“Her husband was French,” said Tanna.
“Her last husband,” said Goff with a grin. “There have been four.”
“So many?” said I.
“Four so far,” said Goff. “French all but one. Henrietta is in Paris now, likely hunting for a fifth. Otherwise I would insist on introducing you.”
“If you would like an example of the extraordinary English temperament,” said Tanna, though somewhat distractedly, “you could not do better than Madame Lemieux. I daresay you will not encounter a more accomplished woman.”
“That is arguable,” I said with a gentle smile.
“She would tell you so herself, if she were here,” said Goff. “Though accomplished in what is the real question.”
Tanna smiled reproachfully at her father. “Madame Lemieux is a respectable woman, Wash. Do not let my father mislead you. She has been ninety-eight times to Paris, has ridden camelback in the East, and was once nearly killed by a flying horseshoe in the streets of New York City.”
“Ninety-eight visits to Paris?” said I.
“You are impressed.”
“Impressed that she has not lost count.”
Tanna gave me a tired smile. “In addition to her four marriages, she has declined no fewer than five proposals. The last, an industrialist by the name of Horne—you may have heard of him? Horne’s Confectioneries?—she turned down because, one evening, he removed his shoe in her presence.”
“She is very proper?” I said.
“Henrietta has been married to Frenchmen half her life, Washington,” said Goff. “She is most certainly not proper. It was the man’s foot she objected to.”
“Would you like to tell it, Father?” asked Tanna. But Goff waved her on. She continued, “It seems Mister Horne inadvertently pulled off a sock with his shoe. And in the strong candlelight she saw he had very small, hairless, finely made white feet. Like the feet of a young girl.”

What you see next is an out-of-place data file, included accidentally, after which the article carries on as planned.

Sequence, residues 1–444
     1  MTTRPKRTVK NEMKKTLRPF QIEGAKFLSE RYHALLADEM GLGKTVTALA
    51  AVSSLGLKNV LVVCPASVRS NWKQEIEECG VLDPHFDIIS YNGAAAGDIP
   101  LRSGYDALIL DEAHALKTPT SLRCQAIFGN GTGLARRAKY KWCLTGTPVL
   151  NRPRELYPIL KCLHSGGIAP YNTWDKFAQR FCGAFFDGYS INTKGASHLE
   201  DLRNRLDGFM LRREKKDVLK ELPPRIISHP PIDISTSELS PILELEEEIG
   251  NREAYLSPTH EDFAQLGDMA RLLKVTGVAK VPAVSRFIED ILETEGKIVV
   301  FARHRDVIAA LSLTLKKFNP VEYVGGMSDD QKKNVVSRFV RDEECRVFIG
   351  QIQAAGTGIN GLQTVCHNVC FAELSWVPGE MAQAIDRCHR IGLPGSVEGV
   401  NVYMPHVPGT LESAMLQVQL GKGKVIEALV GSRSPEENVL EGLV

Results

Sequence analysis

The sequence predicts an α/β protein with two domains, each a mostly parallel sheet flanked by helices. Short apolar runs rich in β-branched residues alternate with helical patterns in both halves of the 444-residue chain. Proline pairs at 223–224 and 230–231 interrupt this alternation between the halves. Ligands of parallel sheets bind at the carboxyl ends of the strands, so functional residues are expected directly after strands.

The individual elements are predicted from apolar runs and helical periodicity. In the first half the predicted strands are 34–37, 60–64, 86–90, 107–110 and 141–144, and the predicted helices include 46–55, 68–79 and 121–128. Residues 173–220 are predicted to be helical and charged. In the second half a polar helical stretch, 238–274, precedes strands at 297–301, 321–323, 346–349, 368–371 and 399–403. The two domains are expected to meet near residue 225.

“Tell him about Dover,” said Goff.
“Dover?” I said.
“My sister has sworn to never again set foot in Dover,” said Goff.
“When last there, it seems, every woman she met was named Lemieux. No relation, of course,” said Tanna. “A coincidence, it seems. Mrs. Adele Lemieux, Miss Martha Lemieux, Mrs. Margaret Lemieux…”
“I did not know there were so many in England,” said I.
“Nor did she,” said Goff. “Some of them were holidaying from the Continent. But some were English through and through. I think she means to get married again, just to rid herself of the name.”
“She fled Dover just as fast as she could,” said Tanna. “When we saw her, she looked like she had seen a ghost.”
“And this had never occurred, on any of her ninety-eight visits to Paris?” said I.
“My sister amuses us,” said Goff dryly. “I think she does it out of pity for our modest lives.”
“She has actually been a great help,” said Tanna after a moment. “There was a time when we could not get on without her. She used to accompany us to the seashore—she is a wonder at the keer-drag. Though of late she has been rather more interested in her glass-blowing.”
“And her husbands,” said Goff.
“Glass-blowing is an art and a wonder,” I said, somewhat absently. My mind was exhausted, drained; I wanted nothing but a good bath, the comforts of my warm cot. “I have always longed to learn it.”
“Madame Lemieux makes tiny glass trees,” said Tanna. “Tiny glass winter trees, leafless ones. They are astonishingly beautiful.”
We fell silent then. And as she smiled across at me, sadly, tiredly, I was relieved to understand we had finally come to the end of our performance. Goff smiled all about, chewing his food, happy.